The Proceeds of Crime Act 2002 (Poca).
Money laundering is governed by a variety of rules and regulations, the most common found under the terms of Proceeds of Crime Act 2002 (section 327, 328 and 329). In its simplest terms, if property originates from criminal activity and:
it is concealed/disguised/converted/transferred (section 327 Proceeds of Crime Act 2002) or
a person enters into an arrangement involving criminal property (section 328 Proceeds of Crime Act 2002) or
a person acquires/uses/possesses criminal property (section 327 Proceeds of Crime Act 2002)
then an offence of money laundering has been committed.
The Proceeds of Crime Act 2002 (POCA) has had a much greater impact than first anticipated. The legislation was passed in 2002 and became law in 2003. Its initial purpose was to stop serious criminals, Organised Crime Groups (OCG’s) and terrorist funding. However, over time, its objectives have been diluted, and its scope widened resulting in professionals and everyday people falling foul of the act. A clear cross-section of the community (who are not "criminals") have been investigated and prosecuted under POCA legislation under a variety of circumstances - see our case studies for examples.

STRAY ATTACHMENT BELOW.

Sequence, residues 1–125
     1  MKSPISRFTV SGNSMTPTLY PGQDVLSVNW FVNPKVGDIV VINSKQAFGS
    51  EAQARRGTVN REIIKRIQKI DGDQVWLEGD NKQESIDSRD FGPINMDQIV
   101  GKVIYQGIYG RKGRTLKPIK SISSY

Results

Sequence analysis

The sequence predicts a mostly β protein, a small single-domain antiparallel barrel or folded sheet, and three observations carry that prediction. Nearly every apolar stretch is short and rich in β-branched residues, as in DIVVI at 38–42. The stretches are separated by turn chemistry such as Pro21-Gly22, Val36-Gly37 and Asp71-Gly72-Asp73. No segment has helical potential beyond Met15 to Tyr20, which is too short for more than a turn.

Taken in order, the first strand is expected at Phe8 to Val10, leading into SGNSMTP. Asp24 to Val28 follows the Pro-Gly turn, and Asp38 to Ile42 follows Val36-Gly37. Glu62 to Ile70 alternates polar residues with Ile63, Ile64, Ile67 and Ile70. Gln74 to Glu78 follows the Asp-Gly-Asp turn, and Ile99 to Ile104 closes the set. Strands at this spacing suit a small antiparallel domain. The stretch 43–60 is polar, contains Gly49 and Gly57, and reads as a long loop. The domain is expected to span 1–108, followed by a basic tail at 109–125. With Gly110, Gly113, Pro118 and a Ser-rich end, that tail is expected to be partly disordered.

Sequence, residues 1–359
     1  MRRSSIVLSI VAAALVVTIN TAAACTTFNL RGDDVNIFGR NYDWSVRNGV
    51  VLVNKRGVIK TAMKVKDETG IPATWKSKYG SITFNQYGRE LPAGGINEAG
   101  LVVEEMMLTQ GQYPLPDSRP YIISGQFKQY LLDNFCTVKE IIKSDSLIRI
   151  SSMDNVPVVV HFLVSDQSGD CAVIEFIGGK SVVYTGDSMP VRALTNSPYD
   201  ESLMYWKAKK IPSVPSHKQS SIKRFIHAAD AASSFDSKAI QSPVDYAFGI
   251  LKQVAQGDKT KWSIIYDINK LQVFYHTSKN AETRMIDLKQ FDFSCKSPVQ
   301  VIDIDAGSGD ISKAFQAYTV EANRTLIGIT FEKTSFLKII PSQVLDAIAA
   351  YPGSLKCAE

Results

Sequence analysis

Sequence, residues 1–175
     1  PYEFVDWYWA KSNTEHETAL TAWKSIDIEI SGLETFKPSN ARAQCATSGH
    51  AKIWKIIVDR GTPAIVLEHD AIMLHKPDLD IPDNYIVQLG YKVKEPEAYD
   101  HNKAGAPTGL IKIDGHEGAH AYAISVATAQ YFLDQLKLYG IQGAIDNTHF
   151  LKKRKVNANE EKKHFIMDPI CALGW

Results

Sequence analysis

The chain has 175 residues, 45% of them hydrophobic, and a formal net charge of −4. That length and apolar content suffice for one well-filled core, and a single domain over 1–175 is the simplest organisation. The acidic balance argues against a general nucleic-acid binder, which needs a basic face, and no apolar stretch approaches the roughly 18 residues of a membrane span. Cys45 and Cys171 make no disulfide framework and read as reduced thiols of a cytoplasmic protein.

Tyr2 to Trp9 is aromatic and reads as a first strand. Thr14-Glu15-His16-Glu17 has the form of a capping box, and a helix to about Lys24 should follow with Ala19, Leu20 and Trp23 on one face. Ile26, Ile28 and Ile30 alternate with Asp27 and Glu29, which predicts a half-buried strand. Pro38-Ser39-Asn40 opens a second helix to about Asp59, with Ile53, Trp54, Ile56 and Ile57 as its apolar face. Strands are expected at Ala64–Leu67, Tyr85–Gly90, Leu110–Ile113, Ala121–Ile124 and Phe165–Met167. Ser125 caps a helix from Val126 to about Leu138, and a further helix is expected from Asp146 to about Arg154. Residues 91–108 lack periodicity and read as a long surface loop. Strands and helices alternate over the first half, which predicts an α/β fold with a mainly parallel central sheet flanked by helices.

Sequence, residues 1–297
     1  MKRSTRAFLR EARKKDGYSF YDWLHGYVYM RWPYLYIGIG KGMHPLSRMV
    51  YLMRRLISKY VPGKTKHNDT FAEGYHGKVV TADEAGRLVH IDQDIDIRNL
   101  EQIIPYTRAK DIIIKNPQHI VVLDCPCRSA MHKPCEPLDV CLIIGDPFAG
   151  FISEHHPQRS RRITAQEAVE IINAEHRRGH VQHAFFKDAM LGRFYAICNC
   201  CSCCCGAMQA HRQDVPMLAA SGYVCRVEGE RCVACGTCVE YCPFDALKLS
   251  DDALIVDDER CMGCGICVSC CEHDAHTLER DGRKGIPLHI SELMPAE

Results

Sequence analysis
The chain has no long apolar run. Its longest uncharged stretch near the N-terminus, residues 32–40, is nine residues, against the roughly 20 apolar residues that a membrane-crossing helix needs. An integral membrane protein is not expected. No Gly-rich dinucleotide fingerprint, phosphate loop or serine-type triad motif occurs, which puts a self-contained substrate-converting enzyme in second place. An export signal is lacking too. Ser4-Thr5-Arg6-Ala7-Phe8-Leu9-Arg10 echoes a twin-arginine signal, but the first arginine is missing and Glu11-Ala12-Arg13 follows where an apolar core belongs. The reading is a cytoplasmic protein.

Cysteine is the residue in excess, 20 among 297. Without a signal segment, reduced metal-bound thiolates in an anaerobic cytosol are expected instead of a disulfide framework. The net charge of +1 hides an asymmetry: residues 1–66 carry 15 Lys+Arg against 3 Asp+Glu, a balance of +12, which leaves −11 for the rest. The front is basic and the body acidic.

For current examples, please follow us on Twitter @fraud_lawyer.
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